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How to successfully create your HoloLens concept

  • Posted on October 23, 2017
  • Estimated reading time 4 minutes
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What do we need to do to develop a HoloLens concept? This is a regular question I get from our clients. My answer is to take an approach which is usable for all innovation projects and tailor that to something, which is specific for a HoloLens implementation. 

If HoloLens technology is new to your organization, user group and technical team, it’s better not to jump straight into a project. You can save time and money by starting with proof of concepts to test your ideas. If something doesn’t seem to work, you can stop developing and try out a new approach. A multidisciplinary team would be needed for this process.  

Set your goals and present results
An important part of developing a successful Hololens prototype is to present results with key stakeholders. Defining this upfront will make sure that the team is focused on the right goals of the concept, as well as the way it should be presented within the organization. 

Start with defining your goals. Take a problem you want to solve, create a challenge or outline the results you want to achieve with this concept. Do you want to showcase your products better, improve training or increase employee satisfaction? Use the outcome of the ideation workshop I described in my previous blog post as input for goals setting.

After you set the initial goal for the concept, you need to define the success criteria. When are you satisfied with the results of the concept? Take into account that it is not always about direct results, like an increase of productivity or sales. Sometimes the outcome of a concept can also be the learning experience, seeing what works and what does not work for future projects.

Define the target audience
It is also very important to understand your target audience. Who will be working with the concept and the final solution? To fully understand your audience and their needs, it’s important to perform user research:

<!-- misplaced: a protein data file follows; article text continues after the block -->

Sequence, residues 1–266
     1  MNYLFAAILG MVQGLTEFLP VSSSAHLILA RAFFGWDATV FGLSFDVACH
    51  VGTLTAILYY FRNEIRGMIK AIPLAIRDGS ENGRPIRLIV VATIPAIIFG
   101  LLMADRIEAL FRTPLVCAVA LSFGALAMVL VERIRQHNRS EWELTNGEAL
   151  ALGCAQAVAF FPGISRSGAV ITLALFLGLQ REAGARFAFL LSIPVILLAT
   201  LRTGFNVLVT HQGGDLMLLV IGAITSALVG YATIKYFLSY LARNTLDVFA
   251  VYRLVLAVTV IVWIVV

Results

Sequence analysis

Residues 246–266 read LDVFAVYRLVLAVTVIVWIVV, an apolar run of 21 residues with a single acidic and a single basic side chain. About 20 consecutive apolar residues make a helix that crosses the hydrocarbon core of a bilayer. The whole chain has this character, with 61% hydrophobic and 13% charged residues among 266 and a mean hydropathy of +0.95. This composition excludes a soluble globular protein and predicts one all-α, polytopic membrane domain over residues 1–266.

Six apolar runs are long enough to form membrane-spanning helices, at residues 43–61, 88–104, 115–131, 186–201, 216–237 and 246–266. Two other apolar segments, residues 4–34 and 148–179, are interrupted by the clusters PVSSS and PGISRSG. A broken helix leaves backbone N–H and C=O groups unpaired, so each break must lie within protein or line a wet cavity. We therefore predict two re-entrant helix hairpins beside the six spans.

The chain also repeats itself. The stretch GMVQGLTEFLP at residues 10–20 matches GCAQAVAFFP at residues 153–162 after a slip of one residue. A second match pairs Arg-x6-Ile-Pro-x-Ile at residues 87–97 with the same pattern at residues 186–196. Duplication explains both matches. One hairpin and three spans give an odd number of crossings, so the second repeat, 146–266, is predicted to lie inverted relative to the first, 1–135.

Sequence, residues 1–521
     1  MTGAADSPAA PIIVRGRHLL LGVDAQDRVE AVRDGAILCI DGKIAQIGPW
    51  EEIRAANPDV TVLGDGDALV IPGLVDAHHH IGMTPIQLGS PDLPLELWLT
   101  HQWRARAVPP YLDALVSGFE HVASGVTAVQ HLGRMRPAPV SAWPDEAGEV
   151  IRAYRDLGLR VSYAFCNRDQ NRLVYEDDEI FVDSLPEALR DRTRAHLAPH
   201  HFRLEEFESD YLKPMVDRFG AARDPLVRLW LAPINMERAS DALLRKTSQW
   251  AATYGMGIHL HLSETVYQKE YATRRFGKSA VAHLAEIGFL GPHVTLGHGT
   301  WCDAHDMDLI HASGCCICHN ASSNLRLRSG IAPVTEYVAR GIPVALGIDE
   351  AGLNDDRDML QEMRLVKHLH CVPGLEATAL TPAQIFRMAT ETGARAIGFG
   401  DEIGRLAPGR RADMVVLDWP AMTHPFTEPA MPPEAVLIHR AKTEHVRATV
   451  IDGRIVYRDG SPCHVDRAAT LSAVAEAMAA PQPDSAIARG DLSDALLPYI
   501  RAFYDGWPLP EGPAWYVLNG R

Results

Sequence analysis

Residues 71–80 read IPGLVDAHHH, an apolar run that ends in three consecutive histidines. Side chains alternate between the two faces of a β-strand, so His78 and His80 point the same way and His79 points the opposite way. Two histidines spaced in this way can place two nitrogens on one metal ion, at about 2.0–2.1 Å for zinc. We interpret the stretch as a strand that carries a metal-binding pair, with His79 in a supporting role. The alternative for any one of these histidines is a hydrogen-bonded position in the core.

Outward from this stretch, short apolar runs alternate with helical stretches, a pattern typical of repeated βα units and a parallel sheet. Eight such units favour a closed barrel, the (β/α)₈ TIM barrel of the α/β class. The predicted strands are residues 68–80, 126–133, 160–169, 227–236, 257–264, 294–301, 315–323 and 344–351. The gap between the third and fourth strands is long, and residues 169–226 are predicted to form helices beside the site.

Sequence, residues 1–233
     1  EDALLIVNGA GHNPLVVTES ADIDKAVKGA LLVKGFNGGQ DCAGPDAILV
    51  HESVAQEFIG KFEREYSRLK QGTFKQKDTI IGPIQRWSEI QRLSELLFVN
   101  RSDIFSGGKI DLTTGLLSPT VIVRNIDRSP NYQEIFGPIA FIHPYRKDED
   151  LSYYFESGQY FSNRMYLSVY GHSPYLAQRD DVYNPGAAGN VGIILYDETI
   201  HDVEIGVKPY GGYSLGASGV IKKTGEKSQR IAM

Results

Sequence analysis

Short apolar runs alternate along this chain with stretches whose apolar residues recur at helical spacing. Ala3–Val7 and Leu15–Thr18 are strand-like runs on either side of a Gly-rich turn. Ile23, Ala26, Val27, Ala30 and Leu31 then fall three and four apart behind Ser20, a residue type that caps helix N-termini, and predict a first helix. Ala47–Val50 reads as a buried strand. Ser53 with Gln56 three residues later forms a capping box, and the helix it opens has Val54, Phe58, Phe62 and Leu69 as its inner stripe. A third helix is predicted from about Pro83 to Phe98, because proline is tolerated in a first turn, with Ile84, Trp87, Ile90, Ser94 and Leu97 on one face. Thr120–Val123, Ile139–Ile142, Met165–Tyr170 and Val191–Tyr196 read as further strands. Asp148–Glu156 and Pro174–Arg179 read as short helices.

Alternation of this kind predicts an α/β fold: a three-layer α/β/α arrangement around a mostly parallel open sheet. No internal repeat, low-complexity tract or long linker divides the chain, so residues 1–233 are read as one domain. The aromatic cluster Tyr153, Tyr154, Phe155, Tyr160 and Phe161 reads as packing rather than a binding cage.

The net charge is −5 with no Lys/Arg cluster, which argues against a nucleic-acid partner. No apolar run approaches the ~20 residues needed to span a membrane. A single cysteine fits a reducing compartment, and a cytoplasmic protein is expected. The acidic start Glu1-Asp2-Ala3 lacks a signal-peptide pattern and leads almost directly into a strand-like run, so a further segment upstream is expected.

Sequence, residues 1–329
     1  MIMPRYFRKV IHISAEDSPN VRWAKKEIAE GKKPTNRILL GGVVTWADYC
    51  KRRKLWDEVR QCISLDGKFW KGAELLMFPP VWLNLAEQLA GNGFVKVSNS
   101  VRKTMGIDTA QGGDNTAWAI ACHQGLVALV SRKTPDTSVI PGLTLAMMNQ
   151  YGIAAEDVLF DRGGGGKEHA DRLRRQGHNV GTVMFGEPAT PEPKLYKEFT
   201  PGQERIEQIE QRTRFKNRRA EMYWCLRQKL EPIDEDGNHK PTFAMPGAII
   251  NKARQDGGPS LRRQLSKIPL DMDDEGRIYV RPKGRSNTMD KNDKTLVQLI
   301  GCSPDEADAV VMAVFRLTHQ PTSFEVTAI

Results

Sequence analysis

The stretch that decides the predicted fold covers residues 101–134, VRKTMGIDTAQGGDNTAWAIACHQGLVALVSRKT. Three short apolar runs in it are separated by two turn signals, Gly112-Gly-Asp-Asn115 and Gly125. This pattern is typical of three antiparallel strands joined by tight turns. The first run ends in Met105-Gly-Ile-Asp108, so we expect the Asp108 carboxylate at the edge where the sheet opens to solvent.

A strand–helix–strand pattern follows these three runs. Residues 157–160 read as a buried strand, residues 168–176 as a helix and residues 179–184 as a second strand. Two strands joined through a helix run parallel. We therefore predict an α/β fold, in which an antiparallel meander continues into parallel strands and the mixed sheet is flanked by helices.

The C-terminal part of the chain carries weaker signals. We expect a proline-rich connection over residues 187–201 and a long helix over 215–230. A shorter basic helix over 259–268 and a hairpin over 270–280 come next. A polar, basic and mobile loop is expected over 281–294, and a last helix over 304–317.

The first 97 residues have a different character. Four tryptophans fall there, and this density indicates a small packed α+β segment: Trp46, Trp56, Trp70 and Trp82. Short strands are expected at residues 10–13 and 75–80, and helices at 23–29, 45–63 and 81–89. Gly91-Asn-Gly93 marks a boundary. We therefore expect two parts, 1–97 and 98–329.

What do they do?
How do they do it?
How much time is spent on it?
What are their pain points?
What are they proud of?

Make sure that you have buy-in from the stakeholders and that they agree on the goals, the potential results and the target audience before you start working on the prototype. There is nothing worse than presenting results that are not relevant for the business or your stakeholders. 

Create your prototype
Now it’s time to execute and deliver the prototype. There are 3 steps in this approach:
1. Proof of Concept: test the desirability of the concept with end users. Is it easy to use, is it helpful, does everything work as it should? To perform a proper user test, create a test group with people from different backgrounds, technical affinity level and roles that will be potentially using the final product and fit in the audience you defined earlier. This ensures the highest amount of valuable data when testing the concept with the users. 
2. Proof of Technology: test the feasibility of the concept by identifying and validating the most important technical challenges for the prototype. For HoloLens specifically, make sure that everything is tested for different environmental circumstances to make sure that the concept is feasible in all required situations. Does the application work in large and small areas, dark and light environments and noisy environments?
3. Proof of Value: test the viability of the concept with the business from different angles. Create a standard business plan that includes the benefits and the required investments. When focusing on the benefits, consider more than just the financial benefits, also look at the social and environmental impact. Will this concept lower the required travel for your employees, thus lowering the environmental impact of your company while also helping to decrease the number of cars on the road?

During the concept phase, the team will work on one or more steps, depending on their skillset and added value. At the end of the prototype phase, process all the results and present these to the stakeholders and organization using the method defined earlier.

Trial and error
Testing a new technology isn’t always easy. There are some things you should bear in mind before you start creating your HoloLens concept. Try to focus on the process and the learnings, and not so much on the final product. There is a chance that the prototype may not deliver the expected results, or perhaps the concept isn’t a viable solution to the problem.

Consider your concept a success when you have learned what works and what doesn’t. Knowing what doesn’t work can be just as valuable as finding out what does. This ensures that large efforts aren’t spent chasing a solution that will not work in the long-term, will not bring any business benefits or is not feasible within a set timeframe.

In my next blog post, I will explain how to set up the right team to create execute a successful prototyping project.

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